Keeping the focus on professional qualifications keeps the hiring process fair and unbiased for all applicants. So, leave the personal information off your resume and let your qualifications speak for themselves.
6. Photos (unless relevant to industry)
When constructing a resume, job seekers should never include a photo of themselves as it is not necessary. Unless you are applying for an industry such as modeling or acting where photos might be requested, they have no bearing on your qualifications and could distract the hiring manager from focusing on other important elements of your resume.
Additionally, including a photograph may create bias and lead to discrimination based solely on physical attributes rather than professional qualifications.
Overall, the best way to make sure your resume stands out is by emphasizing your relevant skills and experiences in detail. Crafting a clear and concise summary of yourself that contains only relevant information will help ensure that recruiters see all you have to offer.
7. College GPA (unless graduated recently)
Unless you have recently graduated college, it is typically not necessary to include your grade point average (GPA) on your resume. For recent graduates, a GPA can help employers get an idea of the candidate’s academic performance and overall aptitude.
However, for job seekers who are out of school or have been in the workforce for a few years, listing their GPA has little value and could even be perceived negatively if the numbers were low.
In most cases, recruiters are more interested in your relevant qualifications and skill sets than they are in how well you did in school. Instead of including your GPA on a resume that may already be overcrowded with information, focus on highlighting specific accomplishments or successes from previous positions.
8. Hobbies or interests
Hobbies and interests can be tricky to decide whether to include or not on a resume. While they can showcase your unique personality and additional skills, they can also be irrelevant to the job and take up valuable space.
In general, hiring managers prefer to see professionalism and relevant qualifications, rather than information about your leisure activities. However, if you are applying for a job that values employees’ personalities and unique traits, or if you have limited work experience, then adding hobbies and interests may be a good idea.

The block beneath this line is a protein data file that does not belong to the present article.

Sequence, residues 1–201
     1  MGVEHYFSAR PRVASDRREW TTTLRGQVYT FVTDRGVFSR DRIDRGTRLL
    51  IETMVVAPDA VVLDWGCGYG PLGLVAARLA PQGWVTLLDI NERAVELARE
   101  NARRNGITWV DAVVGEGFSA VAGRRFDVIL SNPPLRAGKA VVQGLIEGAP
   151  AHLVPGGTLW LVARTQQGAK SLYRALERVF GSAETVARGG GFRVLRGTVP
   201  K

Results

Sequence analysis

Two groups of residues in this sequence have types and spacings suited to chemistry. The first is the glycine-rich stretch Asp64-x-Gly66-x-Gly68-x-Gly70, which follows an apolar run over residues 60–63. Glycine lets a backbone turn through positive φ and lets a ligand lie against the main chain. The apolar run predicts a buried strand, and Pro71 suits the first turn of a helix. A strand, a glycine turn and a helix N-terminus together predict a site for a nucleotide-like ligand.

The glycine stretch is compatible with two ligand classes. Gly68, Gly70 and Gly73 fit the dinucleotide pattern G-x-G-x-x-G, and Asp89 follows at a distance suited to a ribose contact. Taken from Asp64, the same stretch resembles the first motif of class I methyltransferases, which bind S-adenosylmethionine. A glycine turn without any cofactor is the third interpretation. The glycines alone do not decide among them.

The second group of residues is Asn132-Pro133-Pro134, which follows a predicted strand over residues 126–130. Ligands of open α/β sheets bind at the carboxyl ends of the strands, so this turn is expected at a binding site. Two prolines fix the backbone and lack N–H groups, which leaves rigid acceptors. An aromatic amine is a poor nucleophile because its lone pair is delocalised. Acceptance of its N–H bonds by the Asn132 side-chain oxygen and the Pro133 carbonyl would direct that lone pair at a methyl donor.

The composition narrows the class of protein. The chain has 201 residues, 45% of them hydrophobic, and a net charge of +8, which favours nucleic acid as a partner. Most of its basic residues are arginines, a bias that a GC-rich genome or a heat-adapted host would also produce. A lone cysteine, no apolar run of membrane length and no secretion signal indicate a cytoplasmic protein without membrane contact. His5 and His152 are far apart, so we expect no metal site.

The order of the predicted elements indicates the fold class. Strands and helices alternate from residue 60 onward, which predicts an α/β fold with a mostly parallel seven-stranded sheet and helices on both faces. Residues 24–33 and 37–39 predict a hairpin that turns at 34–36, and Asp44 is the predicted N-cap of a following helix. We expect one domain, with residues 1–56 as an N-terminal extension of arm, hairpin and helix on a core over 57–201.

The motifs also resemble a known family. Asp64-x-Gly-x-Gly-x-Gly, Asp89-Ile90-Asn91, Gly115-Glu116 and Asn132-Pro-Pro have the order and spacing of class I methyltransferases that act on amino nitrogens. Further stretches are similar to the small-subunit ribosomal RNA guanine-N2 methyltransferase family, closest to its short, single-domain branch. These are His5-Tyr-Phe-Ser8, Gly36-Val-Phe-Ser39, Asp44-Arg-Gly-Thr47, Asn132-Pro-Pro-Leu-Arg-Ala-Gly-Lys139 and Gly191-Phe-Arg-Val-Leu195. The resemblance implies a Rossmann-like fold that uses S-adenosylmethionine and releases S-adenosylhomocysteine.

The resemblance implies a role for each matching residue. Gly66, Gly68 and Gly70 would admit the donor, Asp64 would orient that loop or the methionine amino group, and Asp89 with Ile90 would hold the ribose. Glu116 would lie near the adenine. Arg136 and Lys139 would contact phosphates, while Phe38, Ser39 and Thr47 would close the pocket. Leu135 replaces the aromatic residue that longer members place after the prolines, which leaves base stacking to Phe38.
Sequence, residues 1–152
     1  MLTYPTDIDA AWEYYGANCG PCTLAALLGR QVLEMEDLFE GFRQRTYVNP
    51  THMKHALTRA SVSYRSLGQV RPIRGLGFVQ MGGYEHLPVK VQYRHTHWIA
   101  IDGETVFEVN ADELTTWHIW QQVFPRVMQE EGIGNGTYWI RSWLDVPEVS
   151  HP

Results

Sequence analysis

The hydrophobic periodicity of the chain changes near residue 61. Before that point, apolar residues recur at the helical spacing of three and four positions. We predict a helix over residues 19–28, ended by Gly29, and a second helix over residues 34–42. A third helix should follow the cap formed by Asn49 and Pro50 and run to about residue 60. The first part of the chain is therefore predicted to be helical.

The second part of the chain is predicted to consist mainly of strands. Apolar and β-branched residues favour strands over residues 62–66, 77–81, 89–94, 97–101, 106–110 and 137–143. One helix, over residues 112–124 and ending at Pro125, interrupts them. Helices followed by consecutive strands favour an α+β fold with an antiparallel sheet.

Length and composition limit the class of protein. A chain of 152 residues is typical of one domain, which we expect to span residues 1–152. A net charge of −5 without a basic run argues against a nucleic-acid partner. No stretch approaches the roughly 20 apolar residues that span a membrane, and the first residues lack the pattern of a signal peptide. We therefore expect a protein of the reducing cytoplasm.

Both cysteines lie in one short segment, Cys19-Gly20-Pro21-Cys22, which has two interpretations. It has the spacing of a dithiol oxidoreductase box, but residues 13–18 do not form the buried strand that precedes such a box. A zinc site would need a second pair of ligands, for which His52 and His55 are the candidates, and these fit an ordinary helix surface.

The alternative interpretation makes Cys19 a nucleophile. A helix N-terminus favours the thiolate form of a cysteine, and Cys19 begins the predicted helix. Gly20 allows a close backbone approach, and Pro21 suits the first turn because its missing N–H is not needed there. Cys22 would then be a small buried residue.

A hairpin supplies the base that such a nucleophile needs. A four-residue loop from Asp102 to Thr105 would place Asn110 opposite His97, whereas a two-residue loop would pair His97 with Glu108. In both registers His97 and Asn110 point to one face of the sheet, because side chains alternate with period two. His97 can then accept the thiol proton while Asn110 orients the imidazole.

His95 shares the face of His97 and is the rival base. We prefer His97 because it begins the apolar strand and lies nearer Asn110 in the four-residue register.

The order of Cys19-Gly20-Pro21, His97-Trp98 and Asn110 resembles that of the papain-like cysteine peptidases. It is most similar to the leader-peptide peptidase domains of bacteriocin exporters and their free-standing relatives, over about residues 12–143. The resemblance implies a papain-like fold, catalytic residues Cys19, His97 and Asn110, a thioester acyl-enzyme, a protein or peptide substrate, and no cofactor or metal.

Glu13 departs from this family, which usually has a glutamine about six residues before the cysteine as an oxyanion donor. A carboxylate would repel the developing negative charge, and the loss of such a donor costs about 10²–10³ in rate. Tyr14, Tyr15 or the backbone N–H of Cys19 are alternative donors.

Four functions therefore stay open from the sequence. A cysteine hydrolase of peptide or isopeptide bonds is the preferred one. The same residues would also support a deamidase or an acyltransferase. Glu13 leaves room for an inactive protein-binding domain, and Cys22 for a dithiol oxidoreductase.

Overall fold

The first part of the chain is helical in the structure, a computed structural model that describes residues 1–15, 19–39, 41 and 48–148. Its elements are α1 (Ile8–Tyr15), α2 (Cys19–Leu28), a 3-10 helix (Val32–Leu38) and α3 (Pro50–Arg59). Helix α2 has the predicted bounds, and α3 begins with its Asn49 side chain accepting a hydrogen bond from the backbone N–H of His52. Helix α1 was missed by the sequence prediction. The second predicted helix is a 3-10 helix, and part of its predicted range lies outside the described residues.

It’s important to keep in mind that hobbies and interests should be somewhat relevant to the job you’re applying for.
For example, if you’re applying for a job in a creative field, listing hobbies like painting or writing can show off your creativity. On the other hand, listing hobbies like shopping or binge-watching TV shows may not add value to your resume and could even make you seem unproductive.
Ultimately, it’s up to your own discretion whether to include hobbies and interests on your resume. Just be sure to consider how it will be perceived by potential employers and whether it will help or harm your chances of landing the job.
9. Salary history/references
When it comes to writing a resume, including your salary history or references could actually harm your chances of being considered for a position. Employers will often ask for this information later in the application process, but prior to that, it’s best to keep those details off your resume.
By including your salary history, you might unintentionally disqualify yourself from consideration if your current or past salary doesn’t fit within the employer’s budget for the position. Additionally, providing references too early could be perceived as pushy or premature.
It’s best to wait until the employer asks for this information before providing it. Instead, focus on highlighting your relevant qualifications and accomplishments to demonstrate why you’re the best fit for the position.
10. Multiple fonts or excessive design elements
It’s important to remember that the purpose of a resume is to showcase your professional experience and qualifications. While you may want to add design elements to make your resume stand out, it’s important to avoid going overboard.
Using multiple fonts or excessive design elements can make your resume look unprofessional and distract from the content. Stick to a classic, easy-to-read font and use formatting such as bullet points and headings to organize your information.
Keep in mind that many companies use applicant tracking systems (ATS) to scan resumes, so overly elaborate designs may not get through. By keeping your resume clean and simple, you can ensure that your qualifications are the focus, and increase your chances of making it past an ATS.